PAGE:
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Iger in June 2013
|Born||Robert Allen Iger|
February 10, 1951
Oceanside, New York, U.S.
|Residence||Los Angeles, California, U.S.|
|Alma mater||Ithaca College|
|Employer||The Walt Disney Company|
|Title||Chairman and CEO|
Board member of
|Spouse(s)||Susan (divorced; 2 children)|
Willow Bay (1995-present; 2 children)
|Parents||Arthur L. & Mimi Iger|
Robert Allen "Bob" Iger (born February 10, 1951) is an American businessman and the current chairman and chief executive officer of The Walt Disney Company. He was named president of Disney in 2000, and later succeeded Michael Eisner as chief executive in 2005, after a successful effort by Roy E. Disney to shake-up the management of the company. Iger oversaw the acquisition of Pixar Animation Studios in 2006, following a period of strained relations with the animation studio. He also led the company to acquire Marvel Entertainment in 2009 and Lucasfilm in 2012, further broadening Disney's intellectual property franchises.
Iger was born to a Jewish family in Long Island, New York. His father Arthur was a World War II veteran, served as the executive vice president and general manager of the Greenvale Marketing Corporation, and also as a professor of advertising and public relations. His mother Mimi worked at Boardman Junior High School in Oceanside, New York.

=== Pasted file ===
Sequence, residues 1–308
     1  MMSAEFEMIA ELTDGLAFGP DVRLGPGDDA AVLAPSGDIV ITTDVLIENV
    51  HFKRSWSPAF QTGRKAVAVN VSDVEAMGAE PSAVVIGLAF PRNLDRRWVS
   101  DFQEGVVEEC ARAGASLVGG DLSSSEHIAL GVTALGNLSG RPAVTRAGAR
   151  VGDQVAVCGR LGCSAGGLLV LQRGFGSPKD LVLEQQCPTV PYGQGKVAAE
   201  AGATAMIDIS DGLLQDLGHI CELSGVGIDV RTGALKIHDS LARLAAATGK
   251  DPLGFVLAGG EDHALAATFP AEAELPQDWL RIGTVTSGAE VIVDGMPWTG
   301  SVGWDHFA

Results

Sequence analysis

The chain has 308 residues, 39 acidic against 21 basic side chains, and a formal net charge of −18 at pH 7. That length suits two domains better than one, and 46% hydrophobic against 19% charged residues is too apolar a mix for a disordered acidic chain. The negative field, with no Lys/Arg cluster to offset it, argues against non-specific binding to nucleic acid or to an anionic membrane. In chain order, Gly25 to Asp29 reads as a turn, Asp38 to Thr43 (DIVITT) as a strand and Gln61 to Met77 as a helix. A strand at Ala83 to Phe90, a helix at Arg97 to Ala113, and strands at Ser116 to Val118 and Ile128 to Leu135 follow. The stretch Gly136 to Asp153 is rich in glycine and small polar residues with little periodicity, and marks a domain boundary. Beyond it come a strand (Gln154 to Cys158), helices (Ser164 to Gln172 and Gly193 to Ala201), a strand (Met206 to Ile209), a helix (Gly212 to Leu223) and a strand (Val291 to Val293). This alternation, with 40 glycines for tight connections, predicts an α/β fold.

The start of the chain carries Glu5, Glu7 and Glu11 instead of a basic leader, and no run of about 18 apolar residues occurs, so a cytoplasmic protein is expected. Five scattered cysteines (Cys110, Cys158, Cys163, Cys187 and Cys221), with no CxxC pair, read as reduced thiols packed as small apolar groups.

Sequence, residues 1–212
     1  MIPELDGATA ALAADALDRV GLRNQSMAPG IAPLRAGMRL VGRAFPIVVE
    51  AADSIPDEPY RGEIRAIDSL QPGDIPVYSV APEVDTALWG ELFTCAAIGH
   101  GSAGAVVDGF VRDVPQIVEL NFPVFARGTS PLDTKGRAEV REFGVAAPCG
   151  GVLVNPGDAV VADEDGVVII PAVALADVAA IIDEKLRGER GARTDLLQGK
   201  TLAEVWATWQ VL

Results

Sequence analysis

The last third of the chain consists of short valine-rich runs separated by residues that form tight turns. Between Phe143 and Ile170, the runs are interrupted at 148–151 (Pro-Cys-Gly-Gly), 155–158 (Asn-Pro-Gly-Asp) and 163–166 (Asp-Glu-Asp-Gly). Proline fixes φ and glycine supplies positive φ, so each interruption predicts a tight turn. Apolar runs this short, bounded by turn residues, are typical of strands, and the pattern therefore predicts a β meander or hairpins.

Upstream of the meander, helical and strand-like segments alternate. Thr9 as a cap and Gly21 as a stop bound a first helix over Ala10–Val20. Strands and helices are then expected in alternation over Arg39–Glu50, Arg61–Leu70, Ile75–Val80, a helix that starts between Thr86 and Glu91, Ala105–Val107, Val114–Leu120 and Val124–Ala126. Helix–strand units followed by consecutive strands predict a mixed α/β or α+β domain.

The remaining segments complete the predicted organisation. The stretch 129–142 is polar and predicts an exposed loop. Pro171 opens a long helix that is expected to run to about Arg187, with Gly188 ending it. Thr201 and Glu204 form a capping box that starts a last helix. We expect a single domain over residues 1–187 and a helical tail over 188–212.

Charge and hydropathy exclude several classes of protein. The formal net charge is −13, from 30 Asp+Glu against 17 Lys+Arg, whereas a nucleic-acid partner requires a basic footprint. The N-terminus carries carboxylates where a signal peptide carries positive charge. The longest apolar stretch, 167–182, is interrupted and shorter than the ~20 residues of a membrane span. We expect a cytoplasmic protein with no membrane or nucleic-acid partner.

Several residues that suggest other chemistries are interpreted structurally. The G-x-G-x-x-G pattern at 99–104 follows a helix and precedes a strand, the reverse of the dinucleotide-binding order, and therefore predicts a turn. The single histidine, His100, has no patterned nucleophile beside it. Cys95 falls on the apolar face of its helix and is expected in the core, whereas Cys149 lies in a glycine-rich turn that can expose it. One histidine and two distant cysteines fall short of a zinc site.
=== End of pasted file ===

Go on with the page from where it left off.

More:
Iger completed his undergraduate studies at Ithaca College where he graduated magna cum laude with a Bachelor of Science degree in Television & Radio from Ithaca's Roy H. Park School of Communications. He then began his career as a weatherman for a local television station. He joined the American Broadcasting Company in 1974 and gradually rose through its ranks. Iger was instrumental in convincing ABC to pick up David Lynch's offbeat but influentialTwin Peaks. He served as president of the ABC Network Television Group from 1993–94, and then was named president and chief operating officer of ABC's corporate parent, Capital Cities/ABC. In 1996, The Walt Disney Company bought Capital Cities/ABC and renamed it ABC, Inc., where Iger remained president until 1999.